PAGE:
Two Russian art curators who angered church leaders with an exhibition that included images of Christ as Mickey Mouse and Lenin were convicted today of inciting religious hatred, but escaped prison sentences.
The decision on Yuri Samodurov and Andrei Yerofeyev by a Moscow court could avoid the possibility of an international outcry over imprisoning them.
But it is unlikely to stem concerns about the growing influence of the Russian Orthodox Church and the spectre of Soviet-style censorship returning.
The curators were convicted for their 2007 exhibit entitled "Forbidden Art" at the Sakharov Museum, a human rights centre named after celebrated dissident physicist and Nobel peace prize laureate Andrei Sakharov.
The two could have been sentenced to up to three years in prison, but were ordered only to pay fines of up to 200,000 roubles (€5,164).
Artists and activists had appealed to the Kremlin to stop the prosecution. Even Russia's culture minister said the two men did nothing to break the law against inciting religious hatred.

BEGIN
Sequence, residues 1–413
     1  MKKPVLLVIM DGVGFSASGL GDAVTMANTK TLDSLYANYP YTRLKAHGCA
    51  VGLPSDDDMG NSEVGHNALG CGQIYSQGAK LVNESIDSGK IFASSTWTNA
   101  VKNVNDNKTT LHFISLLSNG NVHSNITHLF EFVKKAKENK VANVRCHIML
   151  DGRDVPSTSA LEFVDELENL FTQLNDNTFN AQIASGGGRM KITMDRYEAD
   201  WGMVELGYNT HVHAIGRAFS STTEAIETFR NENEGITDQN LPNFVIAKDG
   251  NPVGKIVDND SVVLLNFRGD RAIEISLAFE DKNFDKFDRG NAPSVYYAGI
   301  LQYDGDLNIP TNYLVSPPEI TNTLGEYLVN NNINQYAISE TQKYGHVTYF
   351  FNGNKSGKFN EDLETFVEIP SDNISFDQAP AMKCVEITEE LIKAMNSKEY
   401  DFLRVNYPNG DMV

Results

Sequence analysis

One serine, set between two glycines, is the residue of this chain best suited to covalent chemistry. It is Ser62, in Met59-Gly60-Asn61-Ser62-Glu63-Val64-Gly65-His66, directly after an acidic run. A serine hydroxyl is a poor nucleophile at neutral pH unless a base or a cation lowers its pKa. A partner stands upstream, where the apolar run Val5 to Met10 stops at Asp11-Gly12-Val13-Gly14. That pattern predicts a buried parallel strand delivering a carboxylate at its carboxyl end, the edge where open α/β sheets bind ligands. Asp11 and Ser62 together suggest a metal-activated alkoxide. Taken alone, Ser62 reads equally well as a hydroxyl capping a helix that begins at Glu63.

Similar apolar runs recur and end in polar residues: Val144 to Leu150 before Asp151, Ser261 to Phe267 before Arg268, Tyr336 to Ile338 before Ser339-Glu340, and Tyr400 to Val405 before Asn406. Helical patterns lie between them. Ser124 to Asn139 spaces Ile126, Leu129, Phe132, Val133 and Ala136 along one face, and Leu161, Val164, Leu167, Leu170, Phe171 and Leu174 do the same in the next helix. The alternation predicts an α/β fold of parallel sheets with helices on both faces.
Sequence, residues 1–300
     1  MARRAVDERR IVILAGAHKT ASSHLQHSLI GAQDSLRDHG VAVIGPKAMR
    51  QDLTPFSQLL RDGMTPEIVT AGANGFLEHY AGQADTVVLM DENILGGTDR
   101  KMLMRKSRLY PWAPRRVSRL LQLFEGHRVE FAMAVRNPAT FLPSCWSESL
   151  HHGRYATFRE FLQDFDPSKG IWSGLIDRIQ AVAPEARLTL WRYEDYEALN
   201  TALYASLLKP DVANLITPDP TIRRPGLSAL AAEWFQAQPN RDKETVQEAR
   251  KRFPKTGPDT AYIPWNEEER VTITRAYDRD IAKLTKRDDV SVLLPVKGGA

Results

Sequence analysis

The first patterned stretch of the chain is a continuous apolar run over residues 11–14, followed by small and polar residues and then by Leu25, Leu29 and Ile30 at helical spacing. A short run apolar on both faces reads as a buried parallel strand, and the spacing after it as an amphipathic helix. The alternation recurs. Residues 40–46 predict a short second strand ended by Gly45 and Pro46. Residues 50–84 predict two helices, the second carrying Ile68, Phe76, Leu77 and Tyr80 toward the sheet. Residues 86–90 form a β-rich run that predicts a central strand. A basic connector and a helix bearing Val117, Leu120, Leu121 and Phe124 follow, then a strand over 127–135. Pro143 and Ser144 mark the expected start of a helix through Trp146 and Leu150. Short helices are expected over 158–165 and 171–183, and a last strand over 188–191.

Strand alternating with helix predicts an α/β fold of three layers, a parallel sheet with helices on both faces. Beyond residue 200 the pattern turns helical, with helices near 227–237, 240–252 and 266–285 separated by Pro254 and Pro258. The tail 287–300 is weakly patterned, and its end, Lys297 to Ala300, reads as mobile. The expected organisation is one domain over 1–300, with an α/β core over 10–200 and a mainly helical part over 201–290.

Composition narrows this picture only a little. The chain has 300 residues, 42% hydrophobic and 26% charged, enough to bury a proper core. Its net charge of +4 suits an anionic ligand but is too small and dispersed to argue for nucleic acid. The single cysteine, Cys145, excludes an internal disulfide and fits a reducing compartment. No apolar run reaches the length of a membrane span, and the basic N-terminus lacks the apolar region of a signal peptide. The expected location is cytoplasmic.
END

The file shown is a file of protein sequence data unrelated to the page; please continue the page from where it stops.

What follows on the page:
But the prosecutors refused to back down.
Samodurov, who was the museum's director from its founding in 1996 until he stepped down in 2008, had already once been convicted of inciting religious hatred for an exhibit in 2003 called 'Caution: Religion!'.
Yerofeyev, is a former head of contemporary art at the State Tretyakov Gallery, one of Russia's most renowned museums.
The 2007 exhibit was closed a few days after it opened after a group of altar boys defaced many of the contemporary paintings, which used religious allusions to express attitudes toward religion, culture and the state.
Religious ultra-nationalist groups won the support of the Russian Orthodox Church in pushing prosecutors to bring charges in 2008 and then kept up their pressure on the two curators throughout the trial.